The fathers say that we have marriage and procreation in this life because we have death, but in the life to come, where there is no death, there is no need for procreation, and therefore no marriage. For example, St. John of Damascus, speaking of the resurrection says:

"For they will be, says the Lord, as the angels of God [Mark 12:25]: there will no longer be marriage nor procreation of children. The divine apostle, in truth, says, For our conversation is in heaven, from whence also we look for the Saviour, the Lord Jesus, Who shall change our vile body that it may be fashioned like His glorious body [Philippians 3:20-21]: not meaning change into another form (God forbid!), but rather the change from corruption into incorruption" (An Exposition of the Orthodox Faith, 4:27).

But the question remains, will there remain some bond of relationship between a husband and a wife that will continue on beyond the grave? We cannot definitively answer that question, though perhaps the lives of Ss. Peter and Febronia of Murom give us some reason to believe that such a bond does continue in some sense. This couple, who are held up as examples of Christian marital love, both took monastic tonsure before they reposed, but had expressed their wish that they be buried together. Though separated, they reposed within minutes of one another. Because of their monastic tonsure many thought that this was inappropriate to bury them together, and their funerals were to be held in two different Churches. However, their coffins were found empty, but rather their bodies were found together in the tomb St. Peter had intended for them. Their bodies were taken back to their respective coffins, but when this happened again, no one dared separate them again.

See also St. John Chrysostom's Letter to a Young Widow.

Wednesday, November 06, 2013

Stump the Priest: What does Baptism do?


Question. "As a former Evangelical, I have a question. Where do many protestants get the idea that baptism is “only an outward expression of an inward change”?"

Roman Catholics and Anglicans have historically used the phrase "outward sign of an inward grace" to describe the sacraments, but by this expression, Roman Catholics certainly have not wished to suggest that the sacraments are "only" outward forms that have no direct connection to the inward grace that they signify. Most Protestants only accept two sacraments: baptism, and communion (some, such as the Salvation Army, reject all sacraments -- including baptism), and many of those Protestants believe that these sacraments are "only" outward expressions. They believe that we are saved by "faith alone" and that baptism is merely a public profession of that faith, and the first act of obedience of a Christian... but they do not believe that baptism is necessary for salvation.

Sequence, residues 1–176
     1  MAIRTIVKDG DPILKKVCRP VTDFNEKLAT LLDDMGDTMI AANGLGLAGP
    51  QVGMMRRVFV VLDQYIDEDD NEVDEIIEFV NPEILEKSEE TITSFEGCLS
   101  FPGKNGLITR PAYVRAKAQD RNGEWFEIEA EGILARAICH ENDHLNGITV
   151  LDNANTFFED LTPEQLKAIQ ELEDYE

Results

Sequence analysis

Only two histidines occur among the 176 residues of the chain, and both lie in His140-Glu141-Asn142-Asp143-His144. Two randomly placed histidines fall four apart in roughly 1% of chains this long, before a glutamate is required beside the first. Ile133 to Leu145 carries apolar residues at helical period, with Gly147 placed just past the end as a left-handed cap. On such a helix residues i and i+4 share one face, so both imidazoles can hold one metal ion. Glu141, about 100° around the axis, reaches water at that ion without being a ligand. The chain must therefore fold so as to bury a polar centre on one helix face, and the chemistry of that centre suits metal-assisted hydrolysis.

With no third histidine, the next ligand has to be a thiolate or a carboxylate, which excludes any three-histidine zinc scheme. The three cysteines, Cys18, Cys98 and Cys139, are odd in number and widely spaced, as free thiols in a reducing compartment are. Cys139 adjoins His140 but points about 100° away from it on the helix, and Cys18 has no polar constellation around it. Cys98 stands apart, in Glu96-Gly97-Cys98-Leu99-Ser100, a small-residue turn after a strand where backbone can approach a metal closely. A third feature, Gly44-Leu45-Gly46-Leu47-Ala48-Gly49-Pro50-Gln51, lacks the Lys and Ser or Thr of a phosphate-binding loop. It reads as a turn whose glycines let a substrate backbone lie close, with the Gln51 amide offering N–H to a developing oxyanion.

As a consequence, it is not uncommon in some Protestant denominations to find people who have never been baptized, and yet consider themselves Christians. I know that when I was attending Southern Nazarene University, in my New Testament Theology class, the professor made a point of asking if anyone in the class had not been baptized, when he got to the point in the course in which Baptism was discussed... and invariably, there would be one or two students who were studying for the ministry, and yet had never been baptized. He would tell them to see him after class, so that he could make the arrangements for them to be baptized.

One does not find such a laissez faire view of Baptism in the New Testament. St. Peter speaks of Ark of Noah, and how it saved Noah and his family as a type (foreshadowing) of Baptism: "There is also an antitype [that which is forshadowed by the type] which now saves us—baptism (not the removal of the filth of the flesh, but the answer of a good conscience toward God), through the resurrection of Jesus Christ" (1 Peter 3:21). This text, read in its context (3:18-22) states that just as the Ark of Noah saved those who were in it, so does Baptism now save us.

The reason why many Protestant traditions took the position that Baptism was only an outward profession of faith is in reaction to the view of many careless Christians who falsely believed that they would be saved simply by virtue of their having been baptized. And such an erroneous view does need to be corrected, but not by denying the clear teachings of Scripture, and the unbroken Tradition of the Church on the matter. Baptism is the portal into the Ark of the Church. However, if someone does not remain in the Ark, they will not benefit by having entered that portal, but will in fact face the greater judgment.

You could think of being baptized as being analogous to having health insurance. When you have health insurance, you have the right to go and see your doctor and receive the treatment that you need. However, if someone has health insurance, but never uses it, that health insurance does them absolutely no good. Likewise, being baptized brings you into the Church, where you have all the sacraments and instruction in righteousness that the Church has to offer, but if you are baptized, but separate yourself from the Church by not bothering to avail yourself of the grace that if to be found there, your baptism has done you no good.

Now, some may ask, does this mean that if someone is not baptized, they cannot be saved? No. One can cite exceptional examples such as the wise thief on the Cross who "stole paradise" "in single moment," or to martyrs who embraced the Christian Faith and were killed before they could be baptized. However, the Scriptures and the Tradition of the Church make it clear that baptism is the normal means by which we should enter the Church, and ultimately enter paradise.

It should be pointed out that there are some Protestants, such as Lutherans and members of the "Campbellite" Church of Christ that do affirm that Baptism actually plays a necessary role in our salvation, and so is not something that one could ignore, and still be considered a Christian.